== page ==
- 910 State Legislative Seats
- 30 State Legislative Chambers
- 11 Governorships
And now the twist, the seeming paradox the DVTF is there to resolve:
Yet we know how to win elections. Elections in 2006, 2008, 2012 and ballot initiatives and other races this last cycle demonstrate that our issues and candidates resonate with voters.
Come on, 2006? That’s back when Nancy Pelosi was still alive! And in 2008, Obama couldn’t put McCain away until Lehman, and the lingering goodwill on the Democratic balance sheet from the New Deal (“Democrats are better on the economy”) combined to drag him over the finish line. I’ll give them close-all-the-way-but-never-in-doubt 2012, but only because of Romney’s ectoplasmic nature. And in 2012, the ballot initiatives don’t fit into the New Politics paradigm: Minimum wage increases benefit workers as workers for example. So, no, the Democrats don’t know how to win elections, and the people do know how to win them aren’t, er, consulted. Where’s Kshama Sawant on the minimum wage? Heck, where are Zephyr Teachout and Tim Wu on corruption and industrial policy?
Third and finally, I hate to be cynical, but… who am I kidding? My problem is I’m never cynical enough! From the DVTF’s conclusion on page 8:
The circumstances that led to the series of devastating electoral losses did not develop overnight. Instead they have been building over decades as the political system has been irrevocably changed by the passage of . Republicans, in many cases, have been quick to respond to these changes and take advantage of this new environment.
So, the problem is… Money.
Look again at the make-up of the committee, and you’ll see a one-to-many relationship. Democratic funder and squillionaire Eric Schmidt is the one; and the Democratic apparatchiks and consultants are the many. So a cynic might conclude that the entire DVTF is a bunch of more or less interchangeable grifters getting together to put the bite on that one guy who can write them a big honkin’ check for walking around money. If so, I can only hope these guys take Schmidt with the same ruthless efficiency that ol’ Newt, bless his heart, took Sheldon Adelson. Come to think of it, that’s in paradigm, too.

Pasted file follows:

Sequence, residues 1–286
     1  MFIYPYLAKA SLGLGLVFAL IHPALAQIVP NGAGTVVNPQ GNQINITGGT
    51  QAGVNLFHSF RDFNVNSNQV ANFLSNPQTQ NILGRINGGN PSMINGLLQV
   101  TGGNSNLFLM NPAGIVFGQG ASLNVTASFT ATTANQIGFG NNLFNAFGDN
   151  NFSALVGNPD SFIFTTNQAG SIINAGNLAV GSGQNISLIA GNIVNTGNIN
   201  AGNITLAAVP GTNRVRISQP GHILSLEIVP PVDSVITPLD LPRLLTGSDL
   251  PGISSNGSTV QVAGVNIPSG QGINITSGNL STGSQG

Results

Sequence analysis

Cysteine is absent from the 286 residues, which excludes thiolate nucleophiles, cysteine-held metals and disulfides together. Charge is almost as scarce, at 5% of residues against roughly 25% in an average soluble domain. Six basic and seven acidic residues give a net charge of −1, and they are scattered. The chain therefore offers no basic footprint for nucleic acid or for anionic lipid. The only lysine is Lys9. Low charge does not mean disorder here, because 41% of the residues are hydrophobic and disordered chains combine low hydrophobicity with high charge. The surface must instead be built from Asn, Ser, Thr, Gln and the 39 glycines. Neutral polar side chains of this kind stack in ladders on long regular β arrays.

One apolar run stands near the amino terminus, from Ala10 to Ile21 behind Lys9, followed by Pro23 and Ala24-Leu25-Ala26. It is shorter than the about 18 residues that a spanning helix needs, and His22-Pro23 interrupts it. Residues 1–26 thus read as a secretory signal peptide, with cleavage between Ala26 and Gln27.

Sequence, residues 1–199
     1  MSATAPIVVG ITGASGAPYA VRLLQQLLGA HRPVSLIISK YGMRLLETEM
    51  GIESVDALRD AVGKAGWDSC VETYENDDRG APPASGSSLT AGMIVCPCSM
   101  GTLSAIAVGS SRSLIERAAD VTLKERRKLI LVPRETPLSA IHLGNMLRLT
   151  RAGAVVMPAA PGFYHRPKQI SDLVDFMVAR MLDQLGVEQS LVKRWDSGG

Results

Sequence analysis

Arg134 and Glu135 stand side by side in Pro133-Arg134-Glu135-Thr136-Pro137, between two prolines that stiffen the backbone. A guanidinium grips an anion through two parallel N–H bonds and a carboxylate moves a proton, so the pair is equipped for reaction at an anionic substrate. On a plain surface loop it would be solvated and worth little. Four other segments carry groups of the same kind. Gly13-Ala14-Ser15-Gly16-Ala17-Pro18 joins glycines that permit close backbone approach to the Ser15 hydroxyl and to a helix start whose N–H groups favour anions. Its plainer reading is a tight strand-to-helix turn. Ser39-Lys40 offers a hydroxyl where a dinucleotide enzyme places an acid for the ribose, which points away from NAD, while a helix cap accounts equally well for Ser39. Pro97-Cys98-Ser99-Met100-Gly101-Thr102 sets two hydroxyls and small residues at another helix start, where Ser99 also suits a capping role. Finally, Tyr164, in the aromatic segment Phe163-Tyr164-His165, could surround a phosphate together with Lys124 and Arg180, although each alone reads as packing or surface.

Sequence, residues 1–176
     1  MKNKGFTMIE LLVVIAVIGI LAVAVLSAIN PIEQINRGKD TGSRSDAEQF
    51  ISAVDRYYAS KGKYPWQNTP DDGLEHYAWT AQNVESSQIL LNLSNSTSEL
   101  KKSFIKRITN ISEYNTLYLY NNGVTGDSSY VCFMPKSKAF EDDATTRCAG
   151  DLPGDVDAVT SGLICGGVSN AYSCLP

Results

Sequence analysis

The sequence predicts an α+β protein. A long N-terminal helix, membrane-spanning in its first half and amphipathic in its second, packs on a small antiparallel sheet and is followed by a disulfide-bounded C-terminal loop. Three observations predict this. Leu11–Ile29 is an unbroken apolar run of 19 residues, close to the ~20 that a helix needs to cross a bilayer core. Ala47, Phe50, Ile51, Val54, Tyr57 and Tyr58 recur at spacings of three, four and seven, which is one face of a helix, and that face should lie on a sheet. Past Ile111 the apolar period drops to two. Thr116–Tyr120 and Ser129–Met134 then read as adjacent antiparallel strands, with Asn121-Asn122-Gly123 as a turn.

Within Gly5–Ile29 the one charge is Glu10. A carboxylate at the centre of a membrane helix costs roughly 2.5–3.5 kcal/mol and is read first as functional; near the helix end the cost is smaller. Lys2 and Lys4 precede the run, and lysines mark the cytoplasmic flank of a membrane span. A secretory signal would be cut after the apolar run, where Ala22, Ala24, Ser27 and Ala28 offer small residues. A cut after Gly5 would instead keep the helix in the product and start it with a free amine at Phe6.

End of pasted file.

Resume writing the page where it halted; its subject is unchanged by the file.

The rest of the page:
There’s nothing new about the “New Politics” the DVTF is proposing to recycle. And the DVTF puts the people who caused the problem in charge of fixing it. If Schmidt has any sense, he won’t give them a dime. Insanity is doing the same thing while expecting a different result.
NOTE The Victory Task Force is also wrong on voting machines. Page 6:
The Task Force recommends the development of an aggressive, multi-faceted legislative and legal strategy to ensure every eligible American is registered to vote, has access to the polls and has their ballot counted. It should feature building support for an explicit right to vote in the U.S. Constitution and a new law to revive the preclearance powers of the Voting Rights Act. It also should include fighting for full implementation of existing registration and voting laws, including the VRA, NVRA and HAVA and developing a strategy to pass federal, state and local laws to modernize voter registration modernization, expand access to the polls, eliminate long lines; and ensure that all eligible voters have their balloted counted.
Leaving aside the question of what kind of party apparatus takes this long to handle this basic, blocking and tackling issue, supporting HAVA means supporting electronic voting machines. Wrongo! Bzzt! Bzzt! Bzzt! Bradblog, the go-to blog on voting:
Last March, the country’s highest court found that secret, computerized vote counting was unconstitutional. Unfortunately, the country was Germany, and the Constitution violated by e-voting systems was the one that the U.S. wrote and insisted Germans ratify as part of their terms of surrender following WWII.
- “No ‘specialized technical knowledge’ can be required of citizens to vote or to monitor vote counts.”
- There is a “constitutional requirement of a publicly observed count.”
- “[T]he government substitution of its own check or what we’d probably call an ‘audit’ is no substitute at all for public observation.”
- “A paper trail simply does not suffice to meet the above standards.
- “As a result of these principles,…’all independent observers’ conclude that ‘electronic voting machines are totally banned in Germany’ because no conceivable computerized voting system can cast and count votes that meet the twin requirements of…being both ‘observable’ and also not requiring specialized technical knowledge.
Every day there’s a new story about stolen data, or man-in-the-middle attacks, or hacked software, and these clowns plan to protect our right to vote with electronic voting machines? Please, can we develop a sense of reality about this?
Hand-marked, hand-counted paper ballots, publicly tabulated at every polling place in America are the gold standard. To be fair, maybe Schmidt has a plan to let everybody vote using Google Glass….